The way to reduce the chances of developing dementia such as Alzheimer’s disease after a stroke is to prevent a second stroke by concentrating on the known stroke risk factors, a British study suggests. Magnesium plays a significant role in relaxing the blood vessels, an effect generally proven to help lower blood pressure. When blood vessels are constricted — not relaxed — the heart works harder to pump blood through the body, causing blood pressure to increase.

Dr. Jerry Nadler says, “Higher dietary intake of magnesium was among the factors associated with a reduced risk of stroke in men with hypertension. In a survey of almost 45,000 men ages 40 to 75, the overall risk of stroke was significantly lower for men in the highest quintile of intake of potassium, magnesium, and cereal fiber, but not of calcium, compared with men in the lowest quintile of intake.

A similar relationship was reported this year by Meyer and colleagues, who observed that a diet rich in magnesium, grains, fruits, and vegetables reduced the likelihood of developing type 2 diabetes in a group of almost 36,000 women. While no consistent effect of magnesium on blood pressure has been noted among persons with diabetes, a significant blood pressure reduction was noted in diabetic patients with hypertension after dietary sodium was replaced with potassium and magnesium.”
Diabetes and Magnesium;

Magnesium is an agent with actions on the NMDA receptor and a low incidence of side effects. It may reduce ischemic injury by increasing regional blood flow, antagonizing voltage-sensitive calcium channels, and blocking the NMDA receptor. Using various mechanisms, neuroprotective agents attempt to save ischemic neurons in the brain from irreversible injury. Studies in animals indicate a period of at least four hours after onset of complete ischemia in which many potentially viable neurons exist in the ischemic penumbra.

Intravenous magnesium sulfate administration during the hyper acute phase of stroke has been shown to be safe in a small, open-label pilot trial, in which more than 70% of patients were treated less than 2 hours from symptoms onset. Dramatic early recovery was achieved in 42% of patients, and good functional outcome (modified Rankin scale </=2) at 90 days post treatment was achieved by 69% of all patients and in 75% treated within 2 hours.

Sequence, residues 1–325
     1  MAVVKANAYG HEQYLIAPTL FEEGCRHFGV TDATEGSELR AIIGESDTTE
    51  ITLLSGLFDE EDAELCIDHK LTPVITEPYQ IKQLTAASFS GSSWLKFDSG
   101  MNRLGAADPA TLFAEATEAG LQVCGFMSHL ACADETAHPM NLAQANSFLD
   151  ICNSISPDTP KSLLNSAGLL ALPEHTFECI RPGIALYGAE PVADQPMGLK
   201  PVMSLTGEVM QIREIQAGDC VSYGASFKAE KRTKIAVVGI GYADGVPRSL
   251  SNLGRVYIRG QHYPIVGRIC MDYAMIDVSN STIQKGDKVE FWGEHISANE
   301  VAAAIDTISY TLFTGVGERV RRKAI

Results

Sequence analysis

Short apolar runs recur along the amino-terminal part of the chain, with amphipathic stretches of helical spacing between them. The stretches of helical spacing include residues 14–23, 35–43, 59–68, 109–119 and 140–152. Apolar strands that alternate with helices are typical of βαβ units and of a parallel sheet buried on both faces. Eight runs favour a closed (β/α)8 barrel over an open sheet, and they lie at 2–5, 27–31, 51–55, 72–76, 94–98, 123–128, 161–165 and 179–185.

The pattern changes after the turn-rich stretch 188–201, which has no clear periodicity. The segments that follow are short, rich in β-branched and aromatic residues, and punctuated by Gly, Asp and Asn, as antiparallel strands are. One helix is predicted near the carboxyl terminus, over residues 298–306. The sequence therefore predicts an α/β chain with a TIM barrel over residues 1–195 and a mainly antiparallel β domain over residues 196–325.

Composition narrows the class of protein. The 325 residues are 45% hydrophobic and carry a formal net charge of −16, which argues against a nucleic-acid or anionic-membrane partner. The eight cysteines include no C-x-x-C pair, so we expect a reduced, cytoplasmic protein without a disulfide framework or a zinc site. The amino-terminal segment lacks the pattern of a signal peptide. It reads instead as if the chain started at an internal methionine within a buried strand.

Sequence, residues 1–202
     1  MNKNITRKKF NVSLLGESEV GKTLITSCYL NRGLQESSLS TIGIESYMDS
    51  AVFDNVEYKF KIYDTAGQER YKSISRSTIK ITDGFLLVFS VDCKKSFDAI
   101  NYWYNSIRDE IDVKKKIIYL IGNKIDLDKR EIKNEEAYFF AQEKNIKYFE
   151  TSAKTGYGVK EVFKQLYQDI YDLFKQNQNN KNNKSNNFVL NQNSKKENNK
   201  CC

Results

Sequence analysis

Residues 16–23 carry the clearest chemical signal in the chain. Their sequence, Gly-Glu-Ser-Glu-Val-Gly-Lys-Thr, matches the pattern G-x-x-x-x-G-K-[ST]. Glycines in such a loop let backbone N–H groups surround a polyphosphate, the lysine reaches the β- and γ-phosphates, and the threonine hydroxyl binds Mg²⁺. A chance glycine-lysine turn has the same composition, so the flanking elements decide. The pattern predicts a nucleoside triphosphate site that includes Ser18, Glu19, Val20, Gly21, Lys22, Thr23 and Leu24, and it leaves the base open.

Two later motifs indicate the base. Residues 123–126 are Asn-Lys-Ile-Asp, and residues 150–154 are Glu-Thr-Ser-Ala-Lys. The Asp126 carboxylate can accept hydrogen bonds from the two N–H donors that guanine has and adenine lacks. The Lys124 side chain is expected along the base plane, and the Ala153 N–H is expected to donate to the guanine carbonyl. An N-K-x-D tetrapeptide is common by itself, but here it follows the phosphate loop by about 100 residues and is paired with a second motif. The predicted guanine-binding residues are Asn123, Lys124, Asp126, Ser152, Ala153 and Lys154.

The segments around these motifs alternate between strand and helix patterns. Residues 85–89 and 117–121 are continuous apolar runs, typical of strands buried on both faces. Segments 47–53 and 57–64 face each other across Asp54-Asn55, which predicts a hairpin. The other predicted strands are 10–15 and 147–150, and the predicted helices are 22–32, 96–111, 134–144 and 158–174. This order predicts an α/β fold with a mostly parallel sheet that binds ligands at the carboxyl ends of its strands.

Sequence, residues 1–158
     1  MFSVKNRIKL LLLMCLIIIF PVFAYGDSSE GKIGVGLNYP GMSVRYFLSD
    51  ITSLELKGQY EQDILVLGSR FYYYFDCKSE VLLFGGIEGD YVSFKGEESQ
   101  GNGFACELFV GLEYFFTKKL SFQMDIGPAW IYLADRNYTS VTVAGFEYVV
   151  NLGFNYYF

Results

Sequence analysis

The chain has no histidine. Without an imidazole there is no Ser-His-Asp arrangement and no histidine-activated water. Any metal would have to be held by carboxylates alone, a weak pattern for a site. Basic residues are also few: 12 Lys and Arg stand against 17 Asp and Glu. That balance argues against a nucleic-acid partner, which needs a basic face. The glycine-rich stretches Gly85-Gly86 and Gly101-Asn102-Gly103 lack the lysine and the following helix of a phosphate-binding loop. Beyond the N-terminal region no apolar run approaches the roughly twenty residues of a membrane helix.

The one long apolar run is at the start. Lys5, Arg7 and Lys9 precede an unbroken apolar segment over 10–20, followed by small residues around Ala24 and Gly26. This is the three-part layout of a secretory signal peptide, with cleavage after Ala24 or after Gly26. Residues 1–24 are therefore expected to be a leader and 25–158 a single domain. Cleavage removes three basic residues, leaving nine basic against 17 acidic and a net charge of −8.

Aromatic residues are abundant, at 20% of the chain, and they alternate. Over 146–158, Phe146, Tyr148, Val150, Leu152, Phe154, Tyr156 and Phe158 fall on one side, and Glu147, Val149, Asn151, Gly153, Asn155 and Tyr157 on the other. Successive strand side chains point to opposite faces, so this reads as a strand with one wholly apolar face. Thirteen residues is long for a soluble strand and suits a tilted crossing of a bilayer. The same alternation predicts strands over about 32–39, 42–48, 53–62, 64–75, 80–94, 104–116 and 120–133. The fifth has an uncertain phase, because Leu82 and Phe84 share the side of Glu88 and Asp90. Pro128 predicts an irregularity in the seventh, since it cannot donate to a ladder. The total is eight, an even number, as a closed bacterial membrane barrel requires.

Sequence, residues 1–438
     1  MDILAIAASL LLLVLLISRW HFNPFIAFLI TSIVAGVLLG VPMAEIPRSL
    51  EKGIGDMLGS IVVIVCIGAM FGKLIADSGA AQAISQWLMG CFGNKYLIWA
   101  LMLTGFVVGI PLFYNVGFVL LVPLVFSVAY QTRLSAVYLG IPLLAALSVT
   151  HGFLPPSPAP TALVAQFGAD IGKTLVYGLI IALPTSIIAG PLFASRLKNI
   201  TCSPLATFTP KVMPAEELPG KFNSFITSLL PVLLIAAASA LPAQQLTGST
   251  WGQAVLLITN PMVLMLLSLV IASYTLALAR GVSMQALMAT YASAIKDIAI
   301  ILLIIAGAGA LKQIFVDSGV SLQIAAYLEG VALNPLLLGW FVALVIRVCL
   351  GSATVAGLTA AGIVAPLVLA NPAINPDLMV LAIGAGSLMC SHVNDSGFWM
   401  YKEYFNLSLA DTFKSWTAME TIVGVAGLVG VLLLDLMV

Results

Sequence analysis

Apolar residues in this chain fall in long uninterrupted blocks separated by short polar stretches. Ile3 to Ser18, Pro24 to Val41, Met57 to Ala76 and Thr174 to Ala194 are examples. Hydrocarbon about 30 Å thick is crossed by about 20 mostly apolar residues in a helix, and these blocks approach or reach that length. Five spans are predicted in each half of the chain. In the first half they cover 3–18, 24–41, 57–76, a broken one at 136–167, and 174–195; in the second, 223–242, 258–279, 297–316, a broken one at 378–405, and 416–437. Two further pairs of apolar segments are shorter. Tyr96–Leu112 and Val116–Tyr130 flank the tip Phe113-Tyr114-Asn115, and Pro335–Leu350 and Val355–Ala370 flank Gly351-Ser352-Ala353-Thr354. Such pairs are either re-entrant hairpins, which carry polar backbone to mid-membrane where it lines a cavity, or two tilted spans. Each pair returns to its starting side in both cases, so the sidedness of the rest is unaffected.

Saver JL, Kidwell C, Eckstein M, et al. Prehospital neuroprotective therapy for acute stroke: results of the field administration of stroke therapy — magnesium (FAST-MAG) pilot trial. Stroke. 2004;35:106-108.

Childhood strokes

There is mounting evidence that low levels of magnesium contribute to degenerative diseases and even strokes in children.

Pediatric stroke is estimated to be the sixth leading cause of death in children. In a study of over 200 children who had suffered a stroke, nearly 80 per cent were found to have abnormalities in the brain’s arteries.

These abnormalities were due to an inflammation, a narrowing or a tear in the artery walls

"In newborns, the first symptoms of stroke are often seizures that involve only one arm or one leg. That symptom is so common that stroke is thought to account for about 10 percent of seizures in full-term newborns.”

Experts now believe that a significant number of cerebral palsy cases may be due to strokes before or right after birth and that administration of magnesium given before birth to pregnant women, is preventing occurrences of cerebral palsy by a significant percent.

The risk of stroke in children is greatest in the first year of life, particularly in the first two months. Stroke also can occur before birth. What this is saying is that a mother’s magnesium status is her child’s magnesium status and the damage can take place right inside the womb.

It is critical to recognize magnesium deficiencies and that is really not difficult to do if one simply looks at the dietary profile of a mother and child. But it is important to diagnose a stroke quickly when they do happen and start treating with magnesium right away because in this way we can reduce the likelihood of additional strokes as well as massive damage from the first stroke.
Extracted from